Rakhmonov is described by the Russian independent media and others as a tough and skillful politician who has managed to retain power despite years of political opposition, a difficult peace process, internal separatism and ethnic dissidence, economic collapse, and fragile political relations between his Kulyabi regional supporters and other regional interests, particularly the previously dominant Khojent clan.
Moving to consolidate his hold on political power, Rakhmonov decided to hold presidential elections and a referendum on a new Constitution in November 1994. Tajikistan was the last of the Central Asian states to replace its Communist-era Constitution. The main Tajik democratic and pro-Islamic opposition groups announced that they would boycott the election and referendum because they had no say in drawing up the draft Constitution and would not be allowed to field their own candidates. The election and referendum restored the presidential system of rule and witnessed the further consolidation of Rakhmonov's power when he was elected by a wide margin and his Constitution was overwhelmingly approved. Only one candidate besides Rakhmonov was permitted to run, Abdumalik Abdullojanov, a prominent politician in the northern Leninabad region and a former Tajik prime minister. Abdullojanov alleged that there was widespread election fraud. The OSCE declined to send monitors because it viewed the electoral process as not meeting its standards. Elections to a new 181-member legislature took place in February 1995. Four parties were allowed to compete, but restrictive nomination procedures ensured that about 40% of candidates ran unopposed. The election excluded virtually all opposition parties, and Western groups refused to monitor the "seriously flawed" vote.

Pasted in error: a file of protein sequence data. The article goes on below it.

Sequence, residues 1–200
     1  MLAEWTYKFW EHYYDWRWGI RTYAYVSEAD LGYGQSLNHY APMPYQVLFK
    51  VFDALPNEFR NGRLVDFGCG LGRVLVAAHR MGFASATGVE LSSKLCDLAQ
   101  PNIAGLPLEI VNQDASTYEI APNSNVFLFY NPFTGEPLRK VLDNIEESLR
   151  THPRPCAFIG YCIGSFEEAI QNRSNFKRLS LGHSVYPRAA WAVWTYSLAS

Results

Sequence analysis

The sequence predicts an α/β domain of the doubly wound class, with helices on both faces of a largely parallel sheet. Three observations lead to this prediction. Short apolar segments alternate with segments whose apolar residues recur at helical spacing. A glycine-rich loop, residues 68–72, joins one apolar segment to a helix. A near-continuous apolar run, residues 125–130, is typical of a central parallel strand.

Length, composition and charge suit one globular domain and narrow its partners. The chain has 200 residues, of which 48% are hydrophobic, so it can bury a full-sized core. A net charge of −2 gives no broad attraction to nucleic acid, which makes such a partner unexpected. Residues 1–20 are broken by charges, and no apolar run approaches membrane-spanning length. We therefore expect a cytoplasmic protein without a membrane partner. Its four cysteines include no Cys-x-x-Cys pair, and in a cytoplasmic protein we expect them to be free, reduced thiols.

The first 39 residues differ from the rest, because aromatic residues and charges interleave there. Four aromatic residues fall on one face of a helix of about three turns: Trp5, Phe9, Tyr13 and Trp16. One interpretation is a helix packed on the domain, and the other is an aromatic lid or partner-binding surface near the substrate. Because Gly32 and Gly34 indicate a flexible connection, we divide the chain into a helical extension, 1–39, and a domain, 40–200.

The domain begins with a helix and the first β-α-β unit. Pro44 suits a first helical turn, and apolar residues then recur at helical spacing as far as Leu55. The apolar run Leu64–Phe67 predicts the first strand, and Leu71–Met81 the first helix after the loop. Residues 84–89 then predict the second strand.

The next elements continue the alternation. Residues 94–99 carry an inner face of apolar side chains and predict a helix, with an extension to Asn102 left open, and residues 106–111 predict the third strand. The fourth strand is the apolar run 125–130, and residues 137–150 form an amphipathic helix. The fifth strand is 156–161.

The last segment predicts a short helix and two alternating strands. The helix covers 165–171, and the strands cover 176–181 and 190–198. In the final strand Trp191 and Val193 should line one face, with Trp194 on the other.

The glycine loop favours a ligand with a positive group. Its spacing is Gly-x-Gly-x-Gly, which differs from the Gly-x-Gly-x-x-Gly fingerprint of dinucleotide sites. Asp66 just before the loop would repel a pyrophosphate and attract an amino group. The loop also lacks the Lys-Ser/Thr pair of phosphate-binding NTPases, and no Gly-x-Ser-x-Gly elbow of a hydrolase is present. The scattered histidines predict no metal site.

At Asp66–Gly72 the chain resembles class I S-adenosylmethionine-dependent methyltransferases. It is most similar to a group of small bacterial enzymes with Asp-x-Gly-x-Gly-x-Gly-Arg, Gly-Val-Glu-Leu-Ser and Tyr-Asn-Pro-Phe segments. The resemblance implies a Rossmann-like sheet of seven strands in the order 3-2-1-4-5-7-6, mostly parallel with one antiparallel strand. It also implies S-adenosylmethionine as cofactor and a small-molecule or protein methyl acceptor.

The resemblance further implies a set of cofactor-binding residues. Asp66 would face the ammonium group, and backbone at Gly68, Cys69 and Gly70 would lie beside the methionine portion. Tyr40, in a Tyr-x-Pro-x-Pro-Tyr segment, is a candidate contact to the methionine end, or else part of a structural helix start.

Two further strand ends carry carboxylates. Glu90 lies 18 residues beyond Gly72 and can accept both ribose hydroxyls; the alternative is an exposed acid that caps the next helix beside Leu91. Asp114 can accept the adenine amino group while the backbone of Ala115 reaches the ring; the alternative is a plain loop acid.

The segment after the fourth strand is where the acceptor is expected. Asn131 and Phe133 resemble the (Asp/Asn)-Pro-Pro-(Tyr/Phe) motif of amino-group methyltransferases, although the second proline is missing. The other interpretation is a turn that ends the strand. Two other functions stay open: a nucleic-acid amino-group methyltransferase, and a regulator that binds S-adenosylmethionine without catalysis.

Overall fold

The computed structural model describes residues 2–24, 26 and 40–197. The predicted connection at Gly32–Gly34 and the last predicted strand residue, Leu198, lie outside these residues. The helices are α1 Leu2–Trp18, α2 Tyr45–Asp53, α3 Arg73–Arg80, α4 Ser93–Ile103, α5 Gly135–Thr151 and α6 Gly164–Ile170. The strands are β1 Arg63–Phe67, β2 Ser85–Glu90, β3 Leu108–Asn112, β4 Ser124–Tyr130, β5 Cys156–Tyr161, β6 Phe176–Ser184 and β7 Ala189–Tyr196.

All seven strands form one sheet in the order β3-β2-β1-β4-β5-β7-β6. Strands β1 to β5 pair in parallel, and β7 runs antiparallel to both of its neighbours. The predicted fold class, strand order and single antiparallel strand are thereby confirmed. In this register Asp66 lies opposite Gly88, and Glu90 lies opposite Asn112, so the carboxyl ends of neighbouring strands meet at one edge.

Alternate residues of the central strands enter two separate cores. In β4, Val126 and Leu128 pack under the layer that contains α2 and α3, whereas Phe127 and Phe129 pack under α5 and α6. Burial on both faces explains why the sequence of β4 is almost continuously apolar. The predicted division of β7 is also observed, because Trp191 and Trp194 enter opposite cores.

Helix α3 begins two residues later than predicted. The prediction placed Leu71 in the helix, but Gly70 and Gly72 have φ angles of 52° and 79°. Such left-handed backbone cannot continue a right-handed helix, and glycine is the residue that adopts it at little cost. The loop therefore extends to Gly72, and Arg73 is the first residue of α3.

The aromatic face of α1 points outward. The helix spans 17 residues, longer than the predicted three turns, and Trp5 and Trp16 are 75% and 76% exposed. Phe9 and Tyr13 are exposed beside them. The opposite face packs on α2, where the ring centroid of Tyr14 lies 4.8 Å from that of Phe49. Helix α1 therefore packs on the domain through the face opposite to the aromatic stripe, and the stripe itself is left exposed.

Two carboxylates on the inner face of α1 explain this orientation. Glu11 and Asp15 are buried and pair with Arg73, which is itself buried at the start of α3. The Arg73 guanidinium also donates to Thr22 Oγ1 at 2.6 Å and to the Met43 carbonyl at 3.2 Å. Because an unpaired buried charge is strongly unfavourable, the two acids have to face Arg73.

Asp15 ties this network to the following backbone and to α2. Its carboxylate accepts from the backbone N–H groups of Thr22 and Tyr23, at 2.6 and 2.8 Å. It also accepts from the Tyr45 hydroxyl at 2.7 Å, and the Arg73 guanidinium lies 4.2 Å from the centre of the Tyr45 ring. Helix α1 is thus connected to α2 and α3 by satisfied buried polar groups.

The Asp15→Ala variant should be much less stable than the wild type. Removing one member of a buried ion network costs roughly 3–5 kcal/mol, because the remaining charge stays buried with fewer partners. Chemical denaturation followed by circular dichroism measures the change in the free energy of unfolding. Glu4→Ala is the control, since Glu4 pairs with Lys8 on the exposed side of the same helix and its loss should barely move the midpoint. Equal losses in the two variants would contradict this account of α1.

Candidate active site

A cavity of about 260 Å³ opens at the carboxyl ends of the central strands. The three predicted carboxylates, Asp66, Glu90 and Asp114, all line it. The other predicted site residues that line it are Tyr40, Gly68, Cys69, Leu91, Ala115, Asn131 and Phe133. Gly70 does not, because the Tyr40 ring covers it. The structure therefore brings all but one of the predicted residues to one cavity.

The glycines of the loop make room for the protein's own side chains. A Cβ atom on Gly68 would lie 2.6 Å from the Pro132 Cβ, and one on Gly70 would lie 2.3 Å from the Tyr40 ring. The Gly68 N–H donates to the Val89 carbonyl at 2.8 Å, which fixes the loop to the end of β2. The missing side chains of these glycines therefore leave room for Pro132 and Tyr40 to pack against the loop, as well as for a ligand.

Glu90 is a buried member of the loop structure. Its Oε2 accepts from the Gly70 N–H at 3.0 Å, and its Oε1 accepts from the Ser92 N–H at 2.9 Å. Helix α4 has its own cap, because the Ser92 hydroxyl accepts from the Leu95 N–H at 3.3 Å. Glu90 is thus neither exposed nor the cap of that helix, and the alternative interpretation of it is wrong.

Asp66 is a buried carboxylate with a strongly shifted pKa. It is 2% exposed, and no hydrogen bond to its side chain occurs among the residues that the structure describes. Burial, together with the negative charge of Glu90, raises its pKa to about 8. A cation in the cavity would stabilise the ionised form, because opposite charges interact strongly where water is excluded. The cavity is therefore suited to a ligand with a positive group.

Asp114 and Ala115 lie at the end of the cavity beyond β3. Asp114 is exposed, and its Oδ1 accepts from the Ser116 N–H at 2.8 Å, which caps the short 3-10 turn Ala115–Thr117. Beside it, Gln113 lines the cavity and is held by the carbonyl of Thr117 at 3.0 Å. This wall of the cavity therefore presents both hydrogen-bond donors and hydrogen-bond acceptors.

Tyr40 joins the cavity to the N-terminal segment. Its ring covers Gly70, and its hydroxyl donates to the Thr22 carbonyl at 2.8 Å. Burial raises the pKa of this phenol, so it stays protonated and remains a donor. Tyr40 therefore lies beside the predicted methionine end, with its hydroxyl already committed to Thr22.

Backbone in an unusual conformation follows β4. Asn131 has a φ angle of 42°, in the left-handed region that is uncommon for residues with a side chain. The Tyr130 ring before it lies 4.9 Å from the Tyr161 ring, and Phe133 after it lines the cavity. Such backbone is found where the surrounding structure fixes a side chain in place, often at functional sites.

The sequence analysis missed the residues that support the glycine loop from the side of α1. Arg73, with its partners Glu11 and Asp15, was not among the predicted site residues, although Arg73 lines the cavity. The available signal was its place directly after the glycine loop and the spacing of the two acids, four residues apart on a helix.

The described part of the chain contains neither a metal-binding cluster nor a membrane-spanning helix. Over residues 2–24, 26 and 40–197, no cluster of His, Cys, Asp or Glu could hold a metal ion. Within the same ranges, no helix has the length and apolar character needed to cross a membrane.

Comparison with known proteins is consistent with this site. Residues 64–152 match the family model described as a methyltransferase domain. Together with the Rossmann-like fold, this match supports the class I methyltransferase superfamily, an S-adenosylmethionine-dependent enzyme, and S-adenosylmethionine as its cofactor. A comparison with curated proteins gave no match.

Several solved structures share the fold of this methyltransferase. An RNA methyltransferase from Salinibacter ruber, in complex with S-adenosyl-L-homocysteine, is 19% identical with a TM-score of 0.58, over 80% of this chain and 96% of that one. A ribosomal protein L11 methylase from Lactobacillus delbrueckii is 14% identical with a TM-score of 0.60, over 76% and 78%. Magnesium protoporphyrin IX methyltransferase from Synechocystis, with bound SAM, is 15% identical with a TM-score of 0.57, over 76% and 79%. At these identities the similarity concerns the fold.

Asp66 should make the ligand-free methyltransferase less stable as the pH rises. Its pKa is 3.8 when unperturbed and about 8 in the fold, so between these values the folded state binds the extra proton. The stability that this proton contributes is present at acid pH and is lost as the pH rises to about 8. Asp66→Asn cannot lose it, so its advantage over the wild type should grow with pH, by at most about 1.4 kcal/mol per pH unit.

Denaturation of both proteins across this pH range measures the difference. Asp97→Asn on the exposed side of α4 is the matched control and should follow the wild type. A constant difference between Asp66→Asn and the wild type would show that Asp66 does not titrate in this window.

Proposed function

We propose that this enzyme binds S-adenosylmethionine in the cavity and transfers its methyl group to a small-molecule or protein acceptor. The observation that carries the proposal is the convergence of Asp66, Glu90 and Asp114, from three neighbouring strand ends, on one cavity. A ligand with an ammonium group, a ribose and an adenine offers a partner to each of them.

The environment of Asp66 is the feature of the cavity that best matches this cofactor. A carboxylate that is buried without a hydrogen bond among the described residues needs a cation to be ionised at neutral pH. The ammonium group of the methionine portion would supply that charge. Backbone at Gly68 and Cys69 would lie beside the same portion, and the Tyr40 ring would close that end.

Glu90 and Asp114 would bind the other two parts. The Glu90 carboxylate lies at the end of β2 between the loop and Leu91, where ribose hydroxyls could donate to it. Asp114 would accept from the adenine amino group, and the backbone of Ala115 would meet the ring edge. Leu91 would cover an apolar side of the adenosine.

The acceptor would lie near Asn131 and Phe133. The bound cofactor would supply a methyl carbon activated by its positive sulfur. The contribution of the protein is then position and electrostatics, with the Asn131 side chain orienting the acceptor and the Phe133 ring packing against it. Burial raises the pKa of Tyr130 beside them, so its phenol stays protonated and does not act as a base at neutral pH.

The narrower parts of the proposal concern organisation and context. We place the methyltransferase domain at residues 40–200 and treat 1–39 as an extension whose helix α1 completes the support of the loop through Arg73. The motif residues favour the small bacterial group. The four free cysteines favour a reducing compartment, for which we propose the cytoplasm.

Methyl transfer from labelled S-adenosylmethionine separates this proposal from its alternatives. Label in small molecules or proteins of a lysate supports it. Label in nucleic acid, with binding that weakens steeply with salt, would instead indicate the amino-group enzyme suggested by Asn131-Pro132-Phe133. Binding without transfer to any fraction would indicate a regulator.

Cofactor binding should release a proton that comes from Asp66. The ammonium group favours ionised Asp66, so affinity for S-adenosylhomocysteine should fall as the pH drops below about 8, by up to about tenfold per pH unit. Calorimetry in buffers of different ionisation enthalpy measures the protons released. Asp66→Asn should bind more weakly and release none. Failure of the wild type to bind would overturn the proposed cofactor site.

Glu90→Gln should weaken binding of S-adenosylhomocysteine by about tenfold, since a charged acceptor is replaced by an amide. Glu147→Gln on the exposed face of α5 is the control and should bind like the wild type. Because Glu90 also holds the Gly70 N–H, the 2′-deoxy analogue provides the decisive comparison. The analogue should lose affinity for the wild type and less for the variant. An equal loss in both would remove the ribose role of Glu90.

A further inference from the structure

The Tajik legislature in June 1999 rubber-stamped constitutional changes proposed by Rakhmonov calling for a seven-year presidential term, a two-house Supreme Assembly (legislature), and the legalization of religious parties. The resulting presidential and parliamentary elections, in 1999 and 2000, respectively, were widely considered to be unfair yet peaceful. The inclusion of an overtly declared Islamic party committed to secular government (Islamic Rebirth Party) and several other parties in the Parliamentary elections represented an improvement in the Tajik people's right to choose their government. Tajikistan is the only Central Asian country in which a religiously affiliated political party is represented in Parliament.